Dallas Market Center managers do not deny that recent retail trends have made it difficult to keep the Apparel Mart full and vibrant.


Between the consolidation of retail chains, a move toward centralized purchasing systems and growing emphasis on private-label brands, many traditional sources of the wholesale clothing business have dried up.


“Obviously we saw the need to make changes and reinvent the apparel industry in Dallas,” said Cindy Morris, chief operating officer of the Dallas Market Center. The Apparel Mart building had become “much larger than what was needed to serve the industry,” she said.


For  buyers attending both venues, Fashion Industry Gallery will provide transportation for the short ride to the Dallas Market Center. But Morris warned that the splintering in Dallas still may be troublesome for clients.

Buyers “don’t want to have to drive around and source product out- they want to go to one venue,” she said. “What we see the retailers wanting and what Fashion Industry Gallery maybe sees the retailer wanting are two different things.”


John Sughrue, who heads the real estate firm developing Fashion Industry Gallery, recognizes that the multiple-venue scenario will not be as simple as it is in Los Angeles, which has four marts directly across the street from one another. But he said he suspects that buyers will still appreciate having an alternative to the big venues and large-scale hotels along Stemmons Freeway.


“Those are big boxes, big hotels – everything is big,” he said. “Then came the boutique hotels, the boutique airlines, the boutique art house theaters. And now we’ve got a boutique fashion merchandise mart.”


Sughrue’s firm, Dallas-based Brook Partners, initially redeveloped Southwestern Plaza as a hub for technology firms. But after the tech bust, Sughrue needed a new tenant base for the former insurance company building, which was erected in the 1960s.


Las May, he was approached by Collier and other Apparel Mart tenants who thought that the property might be a good site for a new mart. Soon after, Brook Partners committed $6 million to redesign a portion of the 5-story building as a fashion center, and former Apparel Mart tenant Gavin Smith was hired as director.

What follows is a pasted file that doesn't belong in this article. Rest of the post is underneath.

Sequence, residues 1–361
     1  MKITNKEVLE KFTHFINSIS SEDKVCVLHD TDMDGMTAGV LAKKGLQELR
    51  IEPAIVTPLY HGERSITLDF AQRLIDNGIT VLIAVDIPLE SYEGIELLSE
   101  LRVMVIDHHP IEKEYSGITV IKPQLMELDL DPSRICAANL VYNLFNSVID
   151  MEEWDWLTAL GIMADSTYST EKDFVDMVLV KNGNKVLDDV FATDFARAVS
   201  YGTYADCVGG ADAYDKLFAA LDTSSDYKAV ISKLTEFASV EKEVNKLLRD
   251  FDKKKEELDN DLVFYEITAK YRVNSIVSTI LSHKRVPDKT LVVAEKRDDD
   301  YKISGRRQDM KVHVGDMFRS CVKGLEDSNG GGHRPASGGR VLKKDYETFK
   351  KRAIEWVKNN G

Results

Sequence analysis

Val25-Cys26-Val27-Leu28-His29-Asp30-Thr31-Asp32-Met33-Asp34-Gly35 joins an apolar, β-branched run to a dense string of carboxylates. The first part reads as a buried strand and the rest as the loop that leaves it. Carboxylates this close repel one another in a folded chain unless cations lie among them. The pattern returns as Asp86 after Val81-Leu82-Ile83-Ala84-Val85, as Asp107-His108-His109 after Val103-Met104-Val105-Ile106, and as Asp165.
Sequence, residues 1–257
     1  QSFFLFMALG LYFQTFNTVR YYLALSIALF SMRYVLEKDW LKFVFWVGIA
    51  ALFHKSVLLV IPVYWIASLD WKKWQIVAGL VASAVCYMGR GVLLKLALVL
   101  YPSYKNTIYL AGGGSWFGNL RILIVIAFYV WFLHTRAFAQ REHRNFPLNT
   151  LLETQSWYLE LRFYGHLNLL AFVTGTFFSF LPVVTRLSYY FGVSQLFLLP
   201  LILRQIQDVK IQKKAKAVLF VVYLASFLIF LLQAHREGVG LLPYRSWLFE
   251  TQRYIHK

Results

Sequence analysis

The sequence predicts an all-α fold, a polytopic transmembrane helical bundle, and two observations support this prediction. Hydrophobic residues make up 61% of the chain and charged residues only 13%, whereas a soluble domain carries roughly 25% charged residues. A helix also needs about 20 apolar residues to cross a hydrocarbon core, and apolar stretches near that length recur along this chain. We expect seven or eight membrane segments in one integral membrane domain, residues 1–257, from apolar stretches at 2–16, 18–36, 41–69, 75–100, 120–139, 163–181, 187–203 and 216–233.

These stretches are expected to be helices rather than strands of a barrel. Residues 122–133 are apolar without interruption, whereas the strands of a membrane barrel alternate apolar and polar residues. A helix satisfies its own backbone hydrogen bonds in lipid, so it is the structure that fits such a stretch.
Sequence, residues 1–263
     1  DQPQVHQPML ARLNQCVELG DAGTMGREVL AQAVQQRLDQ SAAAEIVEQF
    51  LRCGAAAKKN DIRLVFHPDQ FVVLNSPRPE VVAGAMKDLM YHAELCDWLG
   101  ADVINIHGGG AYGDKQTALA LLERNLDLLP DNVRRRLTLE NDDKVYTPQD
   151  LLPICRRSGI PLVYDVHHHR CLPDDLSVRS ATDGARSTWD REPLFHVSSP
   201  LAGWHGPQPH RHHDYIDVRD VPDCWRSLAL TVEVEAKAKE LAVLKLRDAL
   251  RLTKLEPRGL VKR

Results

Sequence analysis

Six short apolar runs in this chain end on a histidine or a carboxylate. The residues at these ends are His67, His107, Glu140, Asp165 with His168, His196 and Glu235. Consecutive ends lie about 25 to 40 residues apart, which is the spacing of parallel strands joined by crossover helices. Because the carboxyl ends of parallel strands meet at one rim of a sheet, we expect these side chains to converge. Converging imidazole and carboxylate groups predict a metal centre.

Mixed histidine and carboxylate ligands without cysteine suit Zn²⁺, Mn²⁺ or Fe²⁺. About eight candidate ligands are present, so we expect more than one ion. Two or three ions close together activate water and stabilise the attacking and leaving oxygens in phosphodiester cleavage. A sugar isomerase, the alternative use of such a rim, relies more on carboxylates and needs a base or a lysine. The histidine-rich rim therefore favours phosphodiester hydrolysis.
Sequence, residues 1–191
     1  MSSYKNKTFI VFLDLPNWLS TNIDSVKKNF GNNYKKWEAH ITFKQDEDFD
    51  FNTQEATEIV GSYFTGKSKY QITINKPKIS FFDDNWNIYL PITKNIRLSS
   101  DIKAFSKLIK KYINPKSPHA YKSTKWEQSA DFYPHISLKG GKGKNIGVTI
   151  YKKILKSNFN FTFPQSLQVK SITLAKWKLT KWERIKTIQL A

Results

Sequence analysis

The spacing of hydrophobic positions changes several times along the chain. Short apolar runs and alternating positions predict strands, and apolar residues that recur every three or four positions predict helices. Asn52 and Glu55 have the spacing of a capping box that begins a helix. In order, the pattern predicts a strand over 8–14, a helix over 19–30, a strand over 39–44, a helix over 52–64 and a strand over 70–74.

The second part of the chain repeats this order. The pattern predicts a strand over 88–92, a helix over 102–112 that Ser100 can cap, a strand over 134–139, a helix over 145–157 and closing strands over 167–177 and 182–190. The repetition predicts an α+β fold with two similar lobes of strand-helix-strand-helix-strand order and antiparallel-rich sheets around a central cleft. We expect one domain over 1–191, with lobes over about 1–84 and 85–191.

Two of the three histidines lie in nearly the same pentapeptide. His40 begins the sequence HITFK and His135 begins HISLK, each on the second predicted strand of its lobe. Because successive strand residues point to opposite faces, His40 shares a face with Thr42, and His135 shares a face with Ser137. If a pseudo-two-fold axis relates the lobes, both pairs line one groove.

The new showrooms have the feel of a loft, with sliding mesh-steel doors and artistic touches. For example, the mosaic tile panels that decorated the building for decades hang in the tenant lounge. The project will also include a courtyard park and a café open to tenants and the public.

“My space will be a little bit So-Ho looking,” said new tenant Greg Mider, a former Apparel Mart lease-holder. “My entire wall is red brick, and I have a big window that overlooks the park, so I have all the natural light.”


The boutique atmosphere should go far with buyers of contemporary apparel.


“Clothing markets are all about aesthetics,” said Drea Ranek, co-owner of Lusso, a clothing and furnishings boutique in the St. Louis area. Lusso has not yet sent buyers to Dallas 0most of its merchandise is purchased in New York and Los Angeles – but Ranek said the opening of Fashion Industry Gallery has piqued her interest in coming to Texas for a wholesale show.


Monica Zionce, a buyer for the Barbara Jean fashion boutique in Little Rock, Ark, has made reservations for the January show in Dallas.


“I’m only coming for the day, and I’m going to have to start out at the gallery and make my way over to the Dallas Market Center,” she said. For the March show, which is larger than the January show, Zionce may have to extend her trip by a day to cover all the bases.


But Zionce has a few concerns about the inconvenience of visiting two sites, saying that the extra time would be well worth the opportunity to find new lines that might otherwise never have come to Dallas.


If Fashion Industry Gallery flourishes, buyers eventually may have more than just two venues to stroll through during the Dallas wholesale shows.


“There are now four buildings in Los Angeles,” Sughrue said. “So there’s a precedent to think that if we’re wildly successful, which we think we will be, then other boutique markets will open” in Dallas with niches that go beyond contemporary apparel.